Compared to Curry's Olympic program, in terms of construction, coherency, and performance, I don't think there is another that matches it in singles, although Boitano's was very, very well constructed and skated and Kulik's and Arakawa's solid programs that were very well skated. By 1988, the skaters were doing all of the triples and triple/triple combinations, and Kulik added the quad; it wasn't until Patrick Chan's programs over the last few years -- by Curry alumna Lori Nichols -- that long, telegraphed entrances into difficult jumps that were considered necessary for several decades were replaced by footwork and changing edges into them for nearly every jump. (Chan still lacks them going into his nemesis jump, the triple axel.)

Baiul's programs were neither that well skated nor well constructed, although her SP was better than her LP: flapping one's arms while one one's toe-picks does not an artist make, and her long program was an incoherent mix of brash show music. As far as elegance, any attempt was blown away by the way she roller-bladed down the ice to prepare for her jumps. It always reminds me of the male strippers on the Robyn Byrd show, who would be in their "Hey, baby" persona, until it was time to wriggle awkwardly out of their bike shorts.

The second mark in the 6.0, ordinals, and OBO ("Or best ordinal") systems was called the "Artistic Mark". However, by the rules of figure skating, this was not a personal take on artistry, even if it was often used that way. There were about ten specific criteria, all of which are now covered in the new judging system in the five "Presentation Component Scores" (PCS), although the new system has more explicit sub-criteria for each of the components. They included glide, flow, unison, choreographic composition of the program, interpretation, and multi-directional skating. I've lost my link to the actual wording of the old "Artistic" mark.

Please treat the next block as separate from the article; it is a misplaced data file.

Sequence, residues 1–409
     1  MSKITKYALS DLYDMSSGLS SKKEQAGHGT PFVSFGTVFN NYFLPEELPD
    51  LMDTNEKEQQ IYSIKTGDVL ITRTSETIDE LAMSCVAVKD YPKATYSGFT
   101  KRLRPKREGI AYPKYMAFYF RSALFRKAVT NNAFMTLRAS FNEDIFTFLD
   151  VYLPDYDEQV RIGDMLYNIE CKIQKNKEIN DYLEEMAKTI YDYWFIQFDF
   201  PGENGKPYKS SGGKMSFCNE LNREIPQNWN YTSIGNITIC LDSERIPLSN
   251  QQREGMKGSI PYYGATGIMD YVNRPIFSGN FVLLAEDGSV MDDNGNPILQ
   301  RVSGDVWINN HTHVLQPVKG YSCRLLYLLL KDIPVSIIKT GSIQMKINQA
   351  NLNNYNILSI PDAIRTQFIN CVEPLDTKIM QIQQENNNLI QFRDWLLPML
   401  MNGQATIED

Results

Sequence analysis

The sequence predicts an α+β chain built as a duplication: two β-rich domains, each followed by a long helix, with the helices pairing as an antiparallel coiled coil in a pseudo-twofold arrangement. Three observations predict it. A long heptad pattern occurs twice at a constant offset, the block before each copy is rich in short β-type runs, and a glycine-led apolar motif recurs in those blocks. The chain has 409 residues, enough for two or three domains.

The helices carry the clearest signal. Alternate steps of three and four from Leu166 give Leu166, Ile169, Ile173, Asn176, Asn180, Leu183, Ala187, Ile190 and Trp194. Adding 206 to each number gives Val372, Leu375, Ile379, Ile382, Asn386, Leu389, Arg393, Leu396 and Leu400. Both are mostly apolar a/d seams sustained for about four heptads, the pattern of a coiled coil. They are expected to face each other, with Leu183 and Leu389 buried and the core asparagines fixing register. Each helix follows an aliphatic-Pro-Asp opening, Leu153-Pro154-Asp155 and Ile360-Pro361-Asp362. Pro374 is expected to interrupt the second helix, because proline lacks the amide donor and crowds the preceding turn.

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1. What did you think about Nancy K. that same year?

2. Why on earth did you have to remind us of the Robyn Byrd show and the awful things seen while changing channels in those days???? I will now have nightmares.

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1. Nancy Kerrigan had a typical competitive program of her era. I've never heard her called an artist, and I don't think she was or that she tried to be, as either a competitive skater or a professional.

2. I loved the Robyn Byrd show. It was like watching The Tonight Show for strippers -- they'd sit in their robes and discuss their films like the actors who appear with Jay Leno, except the robe was usually more clothing than most actresses wear on Leno, and he never molests his guests at the end of the show.

I always wished someone would teach the men how to take off their clothes so that it was part of their dance. The women figured it out.

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puppytreats, there are a number of good figure skating forums, where you'll encounter a variety of strongly contrasting views, to put it mildly, some quite different from what you're reading here. It'll take you awhile to get your feet wet, but it'll pay off if you're genuinely interested.

Healy didn't have the jumps. Not really that complicated nor particulary mysterious, IMO.

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--Ashton thought highly enough of Healy to choose her for the "first cast" in the re-setting of his Romeo and Juliet--and I have read praise for that performance as Juliet elsewhere. I also once spoke to someone who saw her at a gala (somewhat later in her career) and found the quality of her movement very beautiful